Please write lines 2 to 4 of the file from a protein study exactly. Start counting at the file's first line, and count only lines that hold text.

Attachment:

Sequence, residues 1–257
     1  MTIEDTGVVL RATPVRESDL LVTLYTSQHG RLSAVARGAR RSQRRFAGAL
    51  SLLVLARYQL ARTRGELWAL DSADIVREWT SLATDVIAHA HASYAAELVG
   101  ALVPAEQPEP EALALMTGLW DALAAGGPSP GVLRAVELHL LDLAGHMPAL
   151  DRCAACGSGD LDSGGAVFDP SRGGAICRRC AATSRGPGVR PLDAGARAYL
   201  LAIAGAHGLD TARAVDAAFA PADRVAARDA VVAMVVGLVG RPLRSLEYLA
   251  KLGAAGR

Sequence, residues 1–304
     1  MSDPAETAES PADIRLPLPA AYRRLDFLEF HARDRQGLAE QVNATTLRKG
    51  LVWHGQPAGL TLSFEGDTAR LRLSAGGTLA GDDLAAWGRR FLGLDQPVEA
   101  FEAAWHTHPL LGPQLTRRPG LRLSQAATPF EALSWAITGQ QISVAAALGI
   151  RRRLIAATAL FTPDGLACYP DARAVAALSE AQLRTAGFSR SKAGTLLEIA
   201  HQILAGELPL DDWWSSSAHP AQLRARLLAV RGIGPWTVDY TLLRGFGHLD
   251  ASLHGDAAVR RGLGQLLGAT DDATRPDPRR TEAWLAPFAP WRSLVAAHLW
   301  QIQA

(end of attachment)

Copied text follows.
     1  MTIEDTGVVL RATPVRESDL LVTLYTSQHG RLSAVARGAR RSQRRFAGAL
    51  SLLVLARYQL ARTRGELWAL DSADIVREWT SLATDVIAHA HASYAAELVG
   101  ALVPAEQPEP EALALMTGLW DALAAGGPSP GVLRAVELHL LDLAGHMPAL